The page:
A growing death toll and ‘world emergency’ status have caused global hysteria, but what are the risk factors for Moroccans?
Rabat – The rise of a contemporary version of the pneumonia-like coronavirus, classified as CoViD-19 by the World Health Organization (WHO), has prompted a rush to contain the spread of the epidemic across borders.
Originating in Wuhan City, Hubei Province, China in late 2019, over 80,000 cases of the virus have been reported internationally, with approximately 77,800 cases in China alone.
The WHO declared CoViD-19 a “public health emergency of international concern” (PHEIC) on January 30, 2020, at the recommendation of the International Health Regulations Emergency Committee (IHREC).
Morocco acted swiftly to prevent the spread of coronavirus among its citizens, repatriating Moroccan nationals living in Wuhan two days after the WHO announced the novel coronavirus as an international health emergency.
With 2,801 deaths recorded as of February 27, the coronavirus outbreak has surpassed the infamous Severe Acute Respiratory Syndrome (SARS) outbreak of 2003 as the deadliest among contemporary disease epidemics, according to WHO data.
China has recorded over 2,700 of those deaths alone, but the spread of the virus has slowed dramatically within its borders; the 415 new cases it recorded in the WHO’s 24 February situation update was the lowest since the outbreak of the virus.
Questions posed to the Centers for Disease Control and Prevention (CDC) reflect widespread confusion about how CoViD-19 is classified, and what symptoms can be expected.
According to the European branch of the CDC (ECDC), CoViD-19 is the virus associated with SARS CoV-2, the contemporary rendition of a group of bacteria strains that originate in various animal species and lead to respiratory infections such as SARS and the lesser-known Middle East Respiratory Syndrome (MERS).
Countries elsewhere are facing a new wave of turmoil, as South Korea has surpassed 1,000 confirmed cases, Italy has recorded 229, and Japan has reached 144. Iran is also a growing front for the virus, with 15 deaths reported to date.
The interconnectivity of world travel has made new regional hotspots for coronavirus a nightmare for health and government officials.
In the case of Iran, its unexpected discovery of domestic cases led shortly to its regional neighbors Iraq, Bahrain, and Oman recording their first cases as a result of travelers arriving from Iran.
The pandemic has continued to approach Morocco’s borders, as Italy’s explosion in cases has put surrounding nations on high alert. Algeria recorded its first coronavirus case, the second in Africa to date, after a traveler returned from Italy carrying the disease.
The WHO stated that an ECDC-WHO joint mission arrived in Italy on February 24, as 105 new cases have been reported in the nation, an 85% increase in a 24-hour period.
Fortunately, no Moroccans among the community of over 440,000 in Italy have been infected, the Moroccan embassy has assured.
One of the primary challenges in combating the spread of coronavirus is early detection, which remains a dubious process as the standards for classifying CoViD-19 continue to evolve with research.
China redefined its qualifications for diagnosing CoViD-19 on February 13, and again immediately after; an example of the ambiguous guidelines for medical personnel to make accurate diagnoses.
Despite concern over the ambiguity of diagnoses, the number of new cases appearing worldwide has continued to drop unequivocally, as nations have adjusted to the initial shock wave caused by the coronavirus.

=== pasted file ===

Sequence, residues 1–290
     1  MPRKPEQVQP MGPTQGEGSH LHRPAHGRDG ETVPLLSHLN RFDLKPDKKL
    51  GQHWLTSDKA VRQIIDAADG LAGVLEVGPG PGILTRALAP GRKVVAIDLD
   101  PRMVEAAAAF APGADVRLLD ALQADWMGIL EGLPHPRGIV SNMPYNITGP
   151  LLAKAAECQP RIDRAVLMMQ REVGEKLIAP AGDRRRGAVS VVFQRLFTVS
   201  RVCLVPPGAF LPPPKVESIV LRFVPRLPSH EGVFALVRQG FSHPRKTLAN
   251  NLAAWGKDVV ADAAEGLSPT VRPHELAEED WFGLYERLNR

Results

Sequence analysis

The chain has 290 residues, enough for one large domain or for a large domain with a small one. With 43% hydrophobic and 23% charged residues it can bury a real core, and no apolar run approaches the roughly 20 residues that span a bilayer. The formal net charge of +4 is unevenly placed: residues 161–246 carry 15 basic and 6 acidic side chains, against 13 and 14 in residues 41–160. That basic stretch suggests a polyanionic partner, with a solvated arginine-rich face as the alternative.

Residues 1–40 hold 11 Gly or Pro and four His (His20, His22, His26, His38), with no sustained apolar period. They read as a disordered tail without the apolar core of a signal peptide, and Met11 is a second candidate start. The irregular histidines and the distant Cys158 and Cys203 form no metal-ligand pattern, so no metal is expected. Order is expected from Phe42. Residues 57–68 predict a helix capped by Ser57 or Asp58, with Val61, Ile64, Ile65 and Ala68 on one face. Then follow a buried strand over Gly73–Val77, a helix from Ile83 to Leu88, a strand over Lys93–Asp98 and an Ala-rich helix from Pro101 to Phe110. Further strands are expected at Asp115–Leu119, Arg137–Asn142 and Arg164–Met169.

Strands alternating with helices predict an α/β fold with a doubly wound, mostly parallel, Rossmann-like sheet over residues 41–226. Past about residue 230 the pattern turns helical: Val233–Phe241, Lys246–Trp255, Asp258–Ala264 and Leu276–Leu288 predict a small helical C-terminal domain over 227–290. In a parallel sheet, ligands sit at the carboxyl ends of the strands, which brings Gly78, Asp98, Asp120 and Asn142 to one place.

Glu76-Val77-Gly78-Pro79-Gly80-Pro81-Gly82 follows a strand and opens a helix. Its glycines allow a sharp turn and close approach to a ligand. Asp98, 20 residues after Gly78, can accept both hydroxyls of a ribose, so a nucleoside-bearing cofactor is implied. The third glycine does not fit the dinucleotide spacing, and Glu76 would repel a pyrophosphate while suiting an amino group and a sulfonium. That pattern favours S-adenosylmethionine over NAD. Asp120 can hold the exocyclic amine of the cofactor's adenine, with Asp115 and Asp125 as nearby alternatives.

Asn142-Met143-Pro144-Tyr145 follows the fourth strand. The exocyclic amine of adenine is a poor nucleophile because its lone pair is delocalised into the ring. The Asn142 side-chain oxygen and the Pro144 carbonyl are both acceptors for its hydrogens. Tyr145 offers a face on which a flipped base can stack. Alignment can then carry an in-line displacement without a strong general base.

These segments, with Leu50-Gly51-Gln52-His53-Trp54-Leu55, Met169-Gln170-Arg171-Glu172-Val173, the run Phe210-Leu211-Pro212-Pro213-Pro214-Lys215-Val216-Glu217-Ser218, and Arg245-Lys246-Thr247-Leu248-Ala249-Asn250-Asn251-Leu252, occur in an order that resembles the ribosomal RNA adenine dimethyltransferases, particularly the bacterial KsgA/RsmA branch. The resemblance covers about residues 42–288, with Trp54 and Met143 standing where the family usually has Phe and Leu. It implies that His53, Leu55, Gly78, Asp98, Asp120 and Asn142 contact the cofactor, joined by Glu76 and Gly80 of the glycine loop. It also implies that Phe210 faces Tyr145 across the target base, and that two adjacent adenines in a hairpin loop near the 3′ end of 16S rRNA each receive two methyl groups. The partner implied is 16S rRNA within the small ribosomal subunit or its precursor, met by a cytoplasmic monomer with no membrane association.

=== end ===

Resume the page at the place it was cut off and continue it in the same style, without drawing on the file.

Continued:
The WHO reported on Morocco’s readiness to combat the spread of coronavirus, stating that its medical facilities were well-equipped to handle cases and that it had the proper testing equipment to diagnose cases of infection.
A recent study focusing on CoViD risk in Africa placed Morocco at “moderate risk” of importing coronavirus, the lowest risk tier used to rank African countries in the study.
The risk rating considers two main contrasting variables: the high volume of travel between Morocco and nations affected by the coronavirus, which gives Morocco a high Infectious Disease Vulnerability Index (IDVI); and Morocco’s high level of preparedness for any introduction of coronavirus into its borders.
Morocco’s “moderate risk” level ranks low in juxtaposition to the international risk level, which has been described as “very high” by the WHO. The comparatively low risk level given to Morocco can be attributed to its swift reaction to the well-being of its citizens abroad.
Despite rumors that coronavirus has infiltrated Morocco’s borders, officials maintain that all suspected cases among Moroccan citizens have returned negative.
Though no individual is impervious to the risk of contracting coronavirus, the relative risk factor is much lower for the majority of the world population than for those in areas where the virus has spread before preventive measures could be implemented.
The prevention tactics recommended by the World Health Organization for the average individual not located in a high-risk area include: washing hands regularly with soap or disinfectant; covering nose and mouth when sneezing; avoiding contact with people showing cold or flu-like symptoms; thoroughly cooking meat and eggs; and avoiding contact with live wild animals or livestock.
Though the total reported cases of coronavirus continue to grow, the rate of infection continues to drop each day. Morocco has maintained a clean bill of health among its citizens, and its high level of monitoring on a foreign and domestic scale is to ensure that the introduction of coronavirus into its population remains unlikely.
The most that the average Moroccan can do to prevent contact with coronavirus is to follow the basic safety measures outlined by the WHO and to be aware of the spread of the virus when traveling abroad.